Monthly Archives: May 2009

Nonprofit Administrative Costs

Two questions recently got me thinking about administrative and overhead expenses.  Below are the questions and the answers I sent:

Question #1: Should a depreciation expense be included in the calculation when looking at the percentage of administration expenses to total operating expenses with a nonprofit?

Answer: It is a good idea to allocate and include depreciation expense in program(s), admin and fundraising. This helps show the cost of doing the work, as at some point equipment will have to be replaced and it is good to know which program is “using” it the most. If your organization does an audit it will show depreciation as a part of your total expenses and allocate it across all your functional areas.

Question #2: We have two independent contractors doing work for our nonprofit. Is the money paid to these people “administrative costs” straight across, or can we separate it out by program? Doesn’t this all come under administrative costs?

Answer: How you code the transactions will depend on the type of work you paid for. If the consultants worked on administrative tasks, their fees would be an administrative cost, if they worked in program areas it would be program costs. Just because the expense is for an independent contractor does not mean it is automatically an administrative cost.

I’ve linked to this topic in my Q&A section and below is what the IRS says about administrative costs in the updated Form 990 instructions on page 33:


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A nonprofit’s expenses are classified by what they were used for within the three broad categories / functional areas of administration, program and fundraising.  Program costs are considered direct expenses, expenses that have a direct effect on fulfilling the mission of the nonprofit organization.  Administrative costs are indirect expenses, they affect the mission of the organization indirectly.  The organization can’t get by without those expenses but, according to the IRS and others, they have no direct effect on the mission.

This point, of course, can be argued and I think it is where much of the confusion resides when talking about classifying nonprofit expenses.  But this is the world we operate in and those are the rules, so it is best to make sure we understand the rules so we can present our numbers in the most honest fashion to show what it costs to do the work we do.

Another nice breakdown of what administrative / overhead costs are comes from this post from the Nonprofits Assistance Fund.  It links to this pdf of overhead cost definitions which is very handy.  That post also brings up the specter nonprofits face of spending too much on overhead expenses and the focus on the financial ratio of administrative expenses to program expenses.  While that may be a useful figure, I think we need to always keep in mind just what expenses are admin and what are program so we know just what is being measured.  Then we need to make sure that as a sector we are all labeling our expenses the same way.

And while we are looking at those ratios we need to look at the nonprofit’s ability to deliver its mission.  One financial ratio used in isolation is no true measure of any organization.  Only by looking at both the numbers and the program outcomes can we judge whether an organization is effective or not.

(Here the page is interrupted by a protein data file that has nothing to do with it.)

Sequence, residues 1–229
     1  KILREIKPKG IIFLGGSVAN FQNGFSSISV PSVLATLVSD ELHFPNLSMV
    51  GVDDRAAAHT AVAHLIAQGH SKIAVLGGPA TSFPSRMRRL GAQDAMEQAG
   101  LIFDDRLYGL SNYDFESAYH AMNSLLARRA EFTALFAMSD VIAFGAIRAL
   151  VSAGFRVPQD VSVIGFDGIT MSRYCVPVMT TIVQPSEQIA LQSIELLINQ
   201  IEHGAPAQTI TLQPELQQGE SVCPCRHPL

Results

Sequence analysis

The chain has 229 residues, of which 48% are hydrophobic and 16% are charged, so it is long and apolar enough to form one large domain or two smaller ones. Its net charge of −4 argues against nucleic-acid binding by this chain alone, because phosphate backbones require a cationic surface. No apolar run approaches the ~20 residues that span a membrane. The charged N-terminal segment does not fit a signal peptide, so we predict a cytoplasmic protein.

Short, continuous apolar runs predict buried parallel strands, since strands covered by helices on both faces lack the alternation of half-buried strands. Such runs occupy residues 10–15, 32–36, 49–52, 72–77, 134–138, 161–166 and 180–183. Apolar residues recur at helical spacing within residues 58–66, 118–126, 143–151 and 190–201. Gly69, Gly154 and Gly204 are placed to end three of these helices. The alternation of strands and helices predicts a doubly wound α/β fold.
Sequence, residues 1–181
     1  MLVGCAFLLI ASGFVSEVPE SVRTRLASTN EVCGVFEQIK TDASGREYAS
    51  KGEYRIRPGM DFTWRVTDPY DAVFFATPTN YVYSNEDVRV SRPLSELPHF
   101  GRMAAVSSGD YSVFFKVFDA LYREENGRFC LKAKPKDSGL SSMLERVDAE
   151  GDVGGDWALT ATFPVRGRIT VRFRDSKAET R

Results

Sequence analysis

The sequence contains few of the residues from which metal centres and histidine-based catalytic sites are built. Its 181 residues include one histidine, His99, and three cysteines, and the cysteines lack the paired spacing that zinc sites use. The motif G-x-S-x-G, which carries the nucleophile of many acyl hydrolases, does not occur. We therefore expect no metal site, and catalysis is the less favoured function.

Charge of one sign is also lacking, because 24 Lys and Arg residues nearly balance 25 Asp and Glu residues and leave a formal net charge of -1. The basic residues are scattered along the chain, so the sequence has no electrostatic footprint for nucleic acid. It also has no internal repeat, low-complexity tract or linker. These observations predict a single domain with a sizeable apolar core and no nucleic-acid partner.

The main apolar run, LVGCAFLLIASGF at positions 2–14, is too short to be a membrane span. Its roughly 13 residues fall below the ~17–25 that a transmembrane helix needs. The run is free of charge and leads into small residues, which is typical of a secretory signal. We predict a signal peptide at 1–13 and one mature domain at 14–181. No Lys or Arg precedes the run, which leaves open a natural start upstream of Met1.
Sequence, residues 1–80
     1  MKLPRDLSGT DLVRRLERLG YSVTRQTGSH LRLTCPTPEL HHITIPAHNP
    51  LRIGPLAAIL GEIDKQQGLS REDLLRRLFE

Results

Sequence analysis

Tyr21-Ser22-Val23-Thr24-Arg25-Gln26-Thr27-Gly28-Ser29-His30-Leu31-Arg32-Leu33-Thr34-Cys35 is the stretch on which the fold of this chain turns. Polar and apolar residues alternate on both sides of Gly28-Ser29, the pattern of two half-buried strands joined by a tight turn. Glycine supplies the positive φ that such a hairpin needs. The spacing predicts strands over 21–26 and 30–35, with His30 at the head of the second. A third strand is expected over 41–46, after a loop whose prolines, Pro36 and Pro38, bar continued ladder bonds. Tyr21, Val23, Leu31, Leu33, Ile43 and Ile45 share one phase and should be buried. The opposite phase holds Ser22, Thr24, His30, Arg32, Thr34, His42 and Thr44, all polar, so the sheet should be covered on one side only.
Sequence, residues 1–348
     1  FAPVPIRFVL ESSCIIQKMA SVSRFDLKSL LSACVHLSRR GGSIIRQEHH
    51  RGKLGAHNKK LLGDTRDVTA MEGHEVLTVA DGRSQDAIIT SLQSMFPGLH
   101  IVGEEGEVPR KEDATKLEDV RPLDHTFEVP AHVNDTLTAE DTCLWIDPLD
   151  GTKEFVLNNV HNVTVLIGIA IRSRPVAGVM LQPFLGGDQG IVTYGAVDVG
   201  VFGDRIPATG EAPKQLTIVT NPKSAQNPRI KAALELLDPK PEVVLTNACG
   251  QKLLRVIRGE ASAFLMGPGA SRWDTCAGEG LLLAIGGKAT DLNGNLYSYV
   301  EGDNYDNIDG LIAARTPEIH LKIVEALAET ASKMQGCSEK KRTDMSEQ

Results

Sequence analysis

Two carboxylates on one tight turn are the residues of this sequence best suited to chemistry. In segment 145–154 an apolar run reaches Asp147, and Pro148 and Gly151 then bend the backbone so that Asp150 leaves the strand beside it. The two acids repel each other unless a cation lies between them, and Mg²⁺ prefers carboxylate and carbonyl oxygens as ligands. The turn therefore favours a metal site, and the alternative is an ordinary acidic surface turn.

Nonprofit Financing Resources

Money money moneyThe Chronicle of Philanthropy and the Nonprofit Finance Fund have teamed up for a series of live web chats, the first of which was today.  You can view a schedule of the chats here.  Today’s chat focused on financing options for nonprofit organizations, here is the link to the transcript of the chat.

One highlight of the chat was a question of when a nonprofit should consider getting a loan:

Question: When should nonprofits start looking at loans?

Answer: The answer to this one is a little counterintuitive: npos (or any borrower) should look for credit–and a banking relationship–in good times, when they don’t have a pressing need for cash. Establishing a good relationship with a lender in good times will help the lender understand the nature of the organization, have faith in management, and be there–with some cavaets–when times get tougher. However, “emergency” and “loan” very seldom belong in the same sentence, because loans require trust, reliable revenue and predictability to be sound.

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Monday Morning News

new-990-imageIn the third and final installment of my news and information updates that clean out my in-boxes (the last two are here and here), I will lead off with two time sensitive items.

1. 990, 990-EZ, 990-PF and 990-N

Is your organization on a calendar fiscal year?  Then your forms are do this Friday, May 15, 2009.  From the IRS:

Calendar year exempt organizations that file Forms 990, 990-PF, or 990-EZ are reminded that their annual information returns are due on May 15. An organization may request an initial automatic extension of time to file its annual information return by filing Form 8868 by the due date of the return. For more information, see Form 8868 and its instructions [a pdf].

Forms 990, 990-EZ and 990-PF for non-calendar year organizations are due on the 15th day of the 5th month following the end of their annual accounting period.

Form 990-N filers cannot get an extension to file.  Information about the 990-N can be found here.

Guidestar has a nice piece on what the governance aspects of the new forms are, you can read it here.

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